Litigation Update

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Litigation UpdateAug 26, 2021 - 7:15am

Florida High Court Clarifies That ‘Apex’ Doctrine Applies to Corporate Officers

The Florida Supreme Court ruled regarding the “apex” doctrine, which protects high-ranking corporate officers by seriously limiting the circumstances in which they can be deposed. 

Litigation UpdateAug 19, 2021 - 7:15am

Sixth Circuit Limits Some Fair Labor Standards Act Collective Actions

The Sixth Circuit Court of Appeals became the first federal appellate court to hold that all plaintiffs—including opt-in plaintiffs—in a collective action under the Fair Labor Standards Act must establish personal jurisdiction over the defendant.

Litigation UpdateJun 30, 2021 - 3:15pm

TransUnion v. Ramirez: The Death Knell for No-Injury Class Actions?

The Supreme Court’s decision in TransUnion v. Ramirez is one of the most important of the Term for business.  There’s no doubt it dealt a serious blow to abusive, no-injury class actions.  But just how far did it go?  Andrew J. Pincus, Archis A. Parasharami & Daniel Jones of Mayer Brown wrote this excellent blog post to answer that question.

Litigation UpdateJun 29, 2021 - 3:00pm

U.S. Supreme Court Holds Pipeline Builders Can Exercise Eminent Domain over State-Owned Lands, Clearing Way for Important Infrastructure Development

In PennEast Pipeline Co., LLC, v. New Jersey, the U.S. Supreme Court held, 5-4, that once FERC approves a new pipeline, the company building the pipeline may condemn all necessary rights-of-way, including on land owned by state governments. 

Litigation UpdateJun 25, 2021 - 2:45pm

U.S. Supreme Court Holds That Government Appropriation of an Easement on Employer Property Constitutes a per se Physical Taking under the Fifth Amendment

A California regulation permits labor organizations to enter agricultural employers’ private property for unionization drives.  The Supreme Court held, 6-3, that the law appropriates a right to invade the growers’ property and therefore constitutes a per se physical tak[1]ing, in violation of the Takings Clause, because the state did not offer just compensation for the taking.

Litigation UpdateJun 25, 2021 - 1:00am

U.S. Supreme Court Rejects Certification of Class Action Where Class Members Lack Concrete Injury

In Transunion v. Ramirez, the U.S. Supreme Court, by a 5-4 vote, put real teeth into the constitutional requirement that all plaintiffs must have a concrete injury to sue. That will reduce abusive, lawyer-driven class actions against businesses by people who suffered no real injury. 

Litigation UpdateMay 17, 2021 - 2:45pm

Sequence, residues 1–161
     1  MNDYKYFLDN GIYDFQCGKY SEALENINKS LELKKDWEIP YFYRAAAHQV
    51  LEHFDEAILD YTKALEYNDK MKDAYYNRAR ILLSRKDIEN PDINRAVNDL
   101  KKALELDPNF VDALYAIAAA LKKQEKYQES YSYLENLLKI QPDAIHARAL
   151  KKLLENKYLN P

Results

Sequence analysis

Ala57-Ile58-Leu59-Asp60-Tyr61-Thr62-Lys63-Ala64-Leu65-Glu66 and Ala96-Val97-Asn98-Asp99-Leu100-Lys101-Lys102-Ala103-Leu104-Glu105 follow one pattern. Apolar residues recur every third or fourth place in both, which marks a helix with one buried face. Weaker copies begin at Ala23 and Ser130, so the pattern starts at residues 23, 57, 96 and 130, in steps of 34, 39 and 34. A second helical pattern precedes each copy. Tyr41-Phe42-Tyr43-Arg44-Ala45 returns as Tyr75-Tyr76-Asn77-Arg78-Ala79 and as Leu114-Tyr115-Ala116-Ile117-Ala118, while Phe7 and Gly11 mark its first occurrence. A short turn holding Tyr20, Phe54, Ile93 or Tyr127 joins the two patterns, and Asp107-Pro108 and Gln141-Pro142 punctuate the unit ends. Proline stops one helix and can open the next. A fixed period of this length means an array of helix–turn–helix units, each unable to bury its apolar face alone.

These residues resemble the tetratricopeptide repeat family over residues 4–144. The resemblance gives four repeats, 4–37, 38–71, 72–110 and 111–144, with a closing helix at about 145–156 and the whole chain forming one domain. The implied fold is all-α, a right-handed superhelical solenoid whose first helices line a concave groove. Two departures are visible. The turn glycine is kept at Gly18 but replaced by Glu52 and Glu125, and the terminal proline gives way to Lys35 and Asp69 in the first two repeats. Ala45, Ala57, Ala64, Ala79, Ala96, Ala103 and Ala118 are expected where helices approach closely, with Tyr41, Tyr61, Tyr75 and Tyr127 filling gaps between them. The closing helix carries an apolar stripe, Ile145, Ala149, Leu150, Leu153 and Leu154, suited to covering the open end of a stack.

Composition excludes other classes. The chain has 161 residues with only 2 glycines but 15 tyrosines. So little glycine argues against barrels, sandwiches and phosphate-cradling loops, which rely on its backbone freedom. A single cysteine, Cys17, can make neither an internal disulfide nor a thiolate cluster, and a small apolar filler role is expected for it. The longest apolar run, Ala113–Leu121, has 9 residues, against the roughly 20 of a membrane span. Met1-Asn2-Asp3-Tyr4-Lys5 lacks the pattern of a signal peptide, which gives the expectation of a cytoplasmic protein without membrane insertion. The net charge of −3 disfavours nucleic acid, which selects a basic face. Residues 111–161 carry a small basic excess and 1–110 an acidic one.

U.S. Supreme Court Holds That a Pre-enforcement Challenge to Certain IRS Reporting Requirements Is Not Barred by the Anti-injunction Act, Even Though Violation of Those Requirements May Result in a Tax Penalty

The Supreme Court unanimously held that the Anti-Injunction Act does not bar pre-enforcement challenges to regulatory requirements that are not themselves taxes, but are enforced through tax penalties.  The Anti-Injunction Act narrowly, but powerfully, forbids lawsuits undertaken for the purpose of restraining the assessment or collection of any federal tax. 

Litigation UpdateApr 22, 2021 - 3:30pm

U.S. Supreme Court Unanimously Holds that FTC Lacks Authority to Seek Equitable Relief such as Restitution or Disgorgement Under Section 13(b) of the FTC Act

The Supreme Court unanimously held that the Federal Trade Commission cannot recover monetary relief, such as restitution or disgorgement, under Section 13(b) of the FTC Act.

Litigation UpdateApr 01, 2021 - 11:30am

U.S. Supreme Court Narrowly Construes “Automatic Telephone Dialing System” Under the Telephone Consumer Protection Act

The Supreme Court ruled 9-0 that an autodialer must have the capacity to use a random or sequential number generator to store or produce phone numbers.  The U.S. Chamber filed a coalition amicus brief supporting this result, as well as a brief in support of certiorari and a brief when this case was before the Ninth Circuit. 

Litigation UpdateMar 25, 2021 - 8:45pm

Federal District Court Holds that New Jersey Statute is Preempted by the Federal Arbitration Act

The U.S. Chamber filed a suit as co-plaintiff with the New Jersey Civil Justice Institute challenging a New Jersey statute that effectively prohibits employers in that state from using arbitration agreements in employment contracts.  The federal district court for the District of New Jersey released an opinion holding that the state statute is preempted by the Federal Arbitration Act and permanently enjoining the New Jersey attorney general from enforcing the statute.